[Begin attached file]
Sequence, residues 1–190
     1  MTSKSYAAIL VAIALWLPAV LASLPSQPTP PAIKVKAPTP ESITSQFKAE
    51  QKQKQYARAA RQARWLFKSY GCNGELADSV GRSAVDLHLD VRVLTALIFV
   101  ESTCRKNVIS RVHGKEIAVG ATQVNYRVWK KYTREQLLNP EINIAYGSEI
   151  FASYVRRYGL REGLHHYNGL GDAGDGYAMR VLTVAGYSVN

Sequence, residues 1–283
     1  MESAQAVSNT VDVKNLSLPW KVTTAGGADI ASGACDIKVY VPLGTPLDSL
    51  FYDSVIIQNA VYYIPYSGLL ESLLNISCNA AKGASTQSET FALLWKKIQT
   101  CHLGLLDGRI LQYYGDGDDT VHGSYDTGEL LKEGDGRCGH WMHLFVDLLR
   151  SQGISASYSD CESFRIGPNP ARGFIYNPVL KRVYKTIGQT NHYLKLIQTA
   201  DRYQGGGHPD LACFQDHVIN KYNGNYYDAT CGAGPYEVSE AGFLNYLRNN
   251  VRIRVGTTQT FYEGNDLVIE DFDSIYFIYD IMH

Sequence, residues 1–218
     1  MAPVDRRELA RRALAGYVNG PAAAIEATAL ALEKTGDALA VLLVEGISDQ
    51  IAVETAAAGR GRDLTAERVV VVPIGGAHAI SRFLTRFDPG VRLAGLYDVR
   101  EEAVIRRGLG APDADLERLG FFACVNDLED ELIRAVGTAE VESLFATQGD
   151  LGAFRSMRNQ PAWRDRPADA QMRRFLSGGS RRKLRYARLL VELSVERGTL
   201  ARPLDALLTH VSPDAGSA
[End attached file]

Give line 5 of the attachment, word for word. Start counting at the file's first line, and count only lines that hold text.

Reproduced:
   151  FASYVRRYGL REGLHHYNGL GDAGDGYAMR VLTVAGYSVN